Opinion: Red Tide must be addressed

Ben Newell

If you’re thinking about beautiful Florida beaches as a possibility for Winter Break, you might want to think again.

Florida is experiencing the worst Red Tide it’s seen in years and it’s heartbreaking.

Recently, hundreds of species of inshore and offshore fish are floating at the mouth of Tampa Bay and have piled up along Florida’s western shores spanning six counties and over a hundred miles of shoreline.

It reaches out as far as 40 miles offshore and so far, has killed large marine creatures including goliath groupers weighing up to 200 pounds, over 200 sea turtles, over 100 manatees, a dozen dolphins as well as a young whale shark.

There are potential health concerns for people being exposed to the Red Tide as well.

Airborne toxins that smell like ammonia and are produced by algae blooms can be especially dangerous for people with respiratory issues.

When inhaled by beachgoers, the toxins can cause coughing, sneezing, itchy throats and in some people severe headaches and asthma attacks. Swimming in waters affected by the Red Tide can cause eye irritation as well. Another very concerning development is the increase in pet fatalities when animals are exposed to the effects of the Red Tide.

The Red Tide is small scattered colonies of microscopic algae which live in the Gulf of Mexico all year long.

Usually their numbers are so small they go undetected but sometimes in the summer or late fall when the water is warmer, the algae population 10 to 40 miles off the coast multiply quickly and explode into what is called a bloom.

The bloom, which under these conditions, grow more algae and spread quickly covering the water’s surface and staining it a rusty color giving the phenomena its name.

Winds and currents push it ashore. Not all algae are considered harmful, but the Karenia brevis algae which are the basis of the Florida bloom is known to produce harmful toxins which impact the food chain paralyzing fish gills and causing sea turtles, manatees and dolphins to get sick or die.

The algae blooms can also deplete oxygen from the water causing fish to die. Another issue adding to the expanse of the Red Tide this year is the human made algae blooms caused by polluted outflows that start inland and carry the problems of pollution to the coast.

Inland pollution, like septic tank and fertilizer runoff is either washed or diverted into the ocean where it fuels algal blooms causing a green sludge-like bloom running along the coast. Combine the naturally occurring Red Tide event with the ever-increasing problem of manmade blooms caused by pollution and you create the havoc that Florida is experiencing this summer.

The current Red Tide has lasted for  more than nine months. That is the longest life of a Red Tide since 2006.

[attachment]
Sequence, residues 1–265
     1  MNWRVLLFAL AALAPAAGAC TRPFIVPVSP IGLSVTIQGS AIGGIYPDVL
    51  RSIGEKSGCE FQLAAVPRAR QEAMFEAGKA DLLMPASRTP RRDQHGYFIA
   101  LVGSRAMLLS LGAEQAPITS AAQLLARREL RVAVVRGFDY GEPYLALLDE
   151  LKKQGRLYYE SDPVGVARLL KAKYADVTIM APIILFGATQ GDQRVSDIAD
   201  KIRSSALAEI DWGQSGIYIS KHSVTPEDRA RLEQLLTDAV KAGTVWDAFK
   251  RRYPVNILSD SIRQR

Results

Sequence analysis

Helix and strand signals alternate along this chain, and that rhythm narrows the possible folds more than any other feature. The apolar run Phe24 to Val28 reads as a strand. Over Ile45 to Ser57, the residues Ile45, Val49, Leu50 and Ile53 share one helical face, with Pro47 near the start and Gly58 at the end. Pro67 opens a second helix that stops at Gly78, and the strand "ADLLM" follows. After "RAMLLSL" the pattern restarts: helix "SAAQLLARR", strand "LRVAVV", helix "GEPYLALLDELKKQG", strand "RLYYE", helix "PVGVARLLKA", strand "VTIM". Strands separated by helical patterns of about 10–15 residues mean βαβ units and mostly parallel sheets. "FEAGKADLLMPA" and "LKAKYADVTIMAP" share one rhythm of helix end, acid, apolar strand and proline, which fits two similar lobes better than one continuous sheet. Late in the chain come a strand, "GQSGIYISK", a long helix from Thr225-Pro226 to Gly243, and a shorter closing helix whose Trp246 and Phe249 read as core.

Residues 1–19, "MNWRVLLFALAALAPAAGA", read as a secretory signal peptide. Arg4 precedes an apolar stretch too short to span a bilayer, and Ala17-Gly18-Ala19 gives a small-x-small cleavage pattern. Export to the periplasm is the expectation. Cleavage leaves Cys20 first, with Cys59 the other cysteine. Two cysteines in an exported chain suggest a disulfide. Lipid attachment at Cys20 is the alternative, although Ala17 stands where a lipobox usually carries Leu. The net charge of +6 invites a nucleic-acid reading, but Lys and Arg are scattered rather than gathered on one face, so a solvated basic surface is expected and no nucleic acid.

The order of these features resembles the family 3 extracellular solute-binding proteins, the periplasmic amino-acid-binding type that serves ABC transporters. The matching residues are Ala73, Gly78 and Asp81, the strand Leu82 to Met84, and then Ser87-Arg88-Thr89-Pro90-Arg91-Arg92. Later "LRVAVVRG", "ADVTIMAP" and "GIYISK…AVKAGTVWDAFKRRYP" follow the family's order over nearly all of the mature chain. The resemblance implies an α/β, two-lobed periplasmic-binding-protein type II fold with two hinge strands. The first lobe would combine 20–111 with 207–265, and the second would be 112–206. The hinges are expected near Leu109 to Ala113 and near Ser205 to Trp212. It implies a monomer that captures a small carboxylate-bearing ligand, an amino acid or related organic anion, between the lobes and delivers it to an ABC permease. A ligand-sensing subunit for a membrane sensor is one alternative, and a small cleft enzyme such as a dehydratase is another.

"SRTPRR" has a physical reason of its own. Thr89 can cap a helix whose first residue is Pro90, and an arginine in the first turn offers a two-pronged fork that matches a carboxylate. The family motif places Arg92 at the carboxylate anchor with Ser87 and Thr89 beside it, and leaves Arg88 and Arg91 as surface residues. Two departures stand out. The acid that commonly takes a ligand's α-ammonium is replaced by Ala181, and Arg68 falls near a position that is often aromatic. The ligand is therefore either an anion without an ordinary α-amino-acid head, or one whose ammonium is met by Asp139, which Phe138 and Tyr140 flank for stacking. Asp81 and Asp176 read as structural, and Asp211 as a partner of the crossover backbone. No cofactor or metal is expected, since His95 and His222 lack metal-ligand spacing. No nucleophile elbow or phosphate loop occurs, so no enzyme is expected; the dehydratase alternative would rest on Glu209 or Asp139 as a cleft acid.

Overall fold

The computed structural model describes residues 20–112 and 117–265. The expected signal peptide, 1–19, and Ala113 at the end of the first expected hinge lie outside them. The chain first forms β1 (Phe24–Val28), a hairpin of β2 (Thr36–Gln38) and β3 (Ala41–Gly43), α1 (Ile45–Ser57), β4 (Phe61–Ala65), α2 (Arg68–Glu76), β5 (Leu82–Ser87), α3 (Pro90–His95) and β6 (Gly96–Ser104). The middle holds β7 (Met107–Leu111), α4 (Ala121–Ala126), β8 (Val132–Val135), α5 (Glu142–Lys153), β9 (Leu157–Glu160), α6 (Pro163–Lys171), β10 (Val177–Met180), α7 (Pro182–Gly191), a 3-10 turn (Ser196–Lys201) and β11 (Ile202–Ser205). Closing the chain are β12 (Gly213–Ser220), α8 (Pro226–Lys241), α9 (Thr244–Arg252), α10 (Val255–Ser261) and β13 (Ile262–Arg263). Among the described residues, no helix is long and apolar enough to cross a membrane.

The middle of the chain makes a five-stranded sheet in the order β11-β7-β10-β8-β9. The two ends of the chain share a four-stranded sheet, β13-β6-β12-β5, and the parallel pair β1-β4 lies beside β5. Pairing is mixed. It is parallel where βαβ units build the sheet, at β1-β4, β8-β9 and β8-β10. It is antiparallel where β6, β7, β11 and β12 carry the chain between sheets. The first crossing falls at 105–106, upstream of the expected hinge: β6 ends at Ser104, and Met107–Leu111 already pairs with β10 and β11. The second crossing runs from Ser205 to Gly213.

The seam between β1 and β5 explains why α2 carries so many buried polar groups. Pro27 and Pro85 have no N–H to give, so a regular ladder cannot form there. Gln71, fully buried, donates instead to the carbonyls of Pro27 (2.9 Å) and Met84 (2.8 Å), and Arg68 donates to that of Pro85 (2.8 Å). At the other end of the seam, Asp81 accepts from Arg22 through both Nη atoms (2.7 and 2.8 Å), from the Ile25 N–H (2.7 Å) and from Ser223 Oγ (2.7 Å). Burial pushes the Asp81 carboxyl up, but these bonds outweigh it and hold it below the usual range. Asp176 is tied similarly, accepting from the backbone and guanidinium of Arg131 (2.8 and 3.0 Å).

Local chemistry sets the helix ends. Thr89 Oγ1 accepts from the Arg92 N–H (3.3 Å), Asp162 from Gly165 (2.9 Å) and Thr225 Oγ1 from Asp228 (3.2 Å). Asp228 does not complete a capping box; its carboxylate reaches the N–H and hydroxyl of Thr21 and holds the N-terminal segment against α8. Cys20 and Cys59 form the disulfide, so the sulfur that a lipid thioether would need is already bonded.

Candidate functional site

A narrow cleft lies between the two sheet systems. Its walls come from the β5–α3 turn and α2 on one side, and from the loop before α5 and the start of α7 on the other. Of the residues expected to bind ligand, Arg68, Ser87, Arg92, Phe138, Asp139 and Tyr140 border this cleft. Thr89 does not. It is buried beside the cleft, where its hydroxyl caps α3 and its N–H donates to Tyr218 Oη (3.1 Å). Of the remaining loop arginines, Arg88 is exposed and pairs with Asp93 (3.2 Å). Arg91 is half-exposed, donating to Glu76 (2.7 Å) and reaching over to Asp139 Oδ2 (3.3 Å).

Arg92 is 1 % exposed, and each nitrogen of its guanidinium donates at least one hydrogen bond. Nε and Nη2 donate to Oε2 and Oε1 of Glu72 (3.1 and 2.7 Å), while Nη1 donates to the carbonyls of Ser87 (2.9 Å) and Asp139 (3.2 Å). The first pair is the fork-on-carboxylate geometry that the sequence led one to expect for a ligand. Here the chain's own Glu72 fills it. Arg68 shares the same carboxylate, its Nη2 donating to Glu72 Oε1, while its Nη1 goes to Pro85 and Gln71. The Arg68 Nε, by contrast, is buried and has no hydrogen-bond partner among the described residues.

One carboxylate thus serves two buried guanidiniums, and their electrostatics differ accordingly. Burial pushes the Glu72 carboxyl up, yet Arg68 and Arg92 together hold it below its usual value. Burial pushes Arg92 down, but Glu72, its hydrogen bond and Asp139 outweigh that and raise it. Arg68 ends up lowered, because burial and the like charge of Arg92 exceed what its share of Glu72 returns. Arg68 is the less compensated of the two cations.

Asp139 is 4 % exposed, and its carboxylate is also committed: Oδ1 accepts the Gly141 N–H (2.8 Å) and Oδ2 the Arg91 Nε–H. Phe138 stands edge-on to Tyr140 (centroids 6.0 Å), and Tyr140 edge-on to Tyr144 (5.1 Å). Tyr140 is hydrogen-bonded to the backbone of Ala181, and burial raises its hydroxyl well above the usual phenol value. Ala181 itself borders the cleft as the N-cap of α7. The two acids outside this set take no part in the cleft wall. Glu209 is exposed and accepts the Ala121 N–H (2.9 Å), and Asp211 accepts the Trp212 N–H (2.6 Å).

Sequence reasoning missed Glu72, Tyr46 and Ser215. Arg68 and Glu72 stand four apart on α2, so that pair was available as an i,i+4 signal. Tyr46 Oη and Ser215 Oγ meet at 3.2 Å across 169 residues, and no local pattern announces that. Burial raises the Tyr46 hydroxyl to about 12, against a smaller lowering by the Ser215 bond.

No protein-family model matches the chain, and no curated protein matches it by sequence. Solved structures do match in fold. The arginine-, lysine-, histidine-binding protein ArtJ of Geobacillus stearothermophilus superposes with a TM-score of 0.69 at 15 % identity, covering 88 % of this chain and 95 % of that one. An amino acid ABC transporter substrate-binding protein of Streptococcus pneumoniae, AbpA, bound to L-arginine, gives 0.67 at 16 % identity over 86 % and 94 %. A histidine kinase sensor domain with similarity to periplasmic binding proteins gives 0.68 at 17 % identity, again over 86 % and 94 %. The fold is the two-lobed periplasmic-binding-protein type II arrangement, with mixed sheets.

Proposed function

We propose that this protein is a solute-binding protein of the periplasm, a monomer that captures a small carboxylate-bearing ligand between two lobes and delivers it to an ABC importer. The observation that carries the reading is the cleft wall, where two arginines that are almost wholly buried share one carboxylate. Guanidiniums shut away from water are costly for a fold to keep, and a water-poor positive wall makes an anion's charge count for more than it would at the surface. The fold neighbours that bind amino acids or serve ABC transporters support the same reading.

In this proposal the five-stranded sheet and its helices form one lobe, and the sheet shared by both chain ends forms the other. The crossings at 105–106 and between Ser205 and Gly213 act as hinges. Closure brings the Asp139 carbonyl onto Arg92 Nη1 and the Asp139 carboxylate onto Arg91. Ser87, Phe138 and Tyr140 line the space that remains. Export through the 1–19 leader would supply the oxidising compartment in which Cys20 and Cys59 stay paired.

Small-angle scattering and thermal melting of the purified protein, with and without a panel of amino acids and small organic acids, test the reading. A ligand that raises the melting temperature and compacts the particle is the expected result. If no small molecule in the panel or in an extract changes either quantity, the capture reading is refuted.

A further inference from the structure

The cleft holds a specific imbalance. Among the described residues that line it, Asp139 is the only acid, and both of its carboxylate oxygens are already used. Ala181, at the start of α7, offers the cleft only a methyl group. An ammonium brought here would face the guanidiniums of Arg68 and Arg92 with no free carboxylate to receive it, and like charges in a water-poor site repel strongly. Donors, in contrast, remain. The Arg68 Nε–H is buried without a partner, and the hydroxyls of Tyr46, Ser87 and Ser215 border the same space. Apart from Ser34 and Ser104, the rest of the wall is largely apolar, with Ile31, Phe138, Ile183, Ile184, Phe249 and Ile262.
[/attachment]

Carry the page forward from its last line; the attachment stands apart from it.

Presently, the strong currents from Hurricane Florence are helping to spread and possibly prolong the devastation of this Red Tide. It has just shown up in the panhandle of Florida as well as off the coasts of Louisiana and Texas.

Padre Island National Park in Texas is monitoring the waters closely and looking to close beaches soon.

In parts of Florida, the tourism industry including fishing as a leisure activity has been adversely affected. Hotels and restaurants along the coast depend on fresh seafood, clean air, white sandy beaches and clear blue water to bring tourists to their locations.

People don’t want to stay where all they see are dead fish and dirty water. They don’t want to walk along the beach only to come away coughing or sneezing . As someone who has enjoyed the beauty and sheer pleasure of a week on the beautiful beaches of Florida, I am truly concerned that between climate changes and added human pollution our marine life and our lovely retreats are in danger of long-term damage and destruction.

The National Oceanic and Atmospheric Administration reported that all coastal states have experienced the Red Tide and that it is unpredictable.

The algae have spread to coastal waters and canals, and they worry that because of this spread and added input from human pollution, the tides may start occurring more often.

The NOAA scientists are working to find ways to locate and forecast where the blooms may occur next so as to alert people in advance and prepare for the effects of the tide.

We need federal, state and local officials along with environmental organizations to work together to find ways to rid or inhibit the growth of harmful algae from oceans, coastal waters and inland canals to protect our health, beautiful beaches, marine life, and food source.

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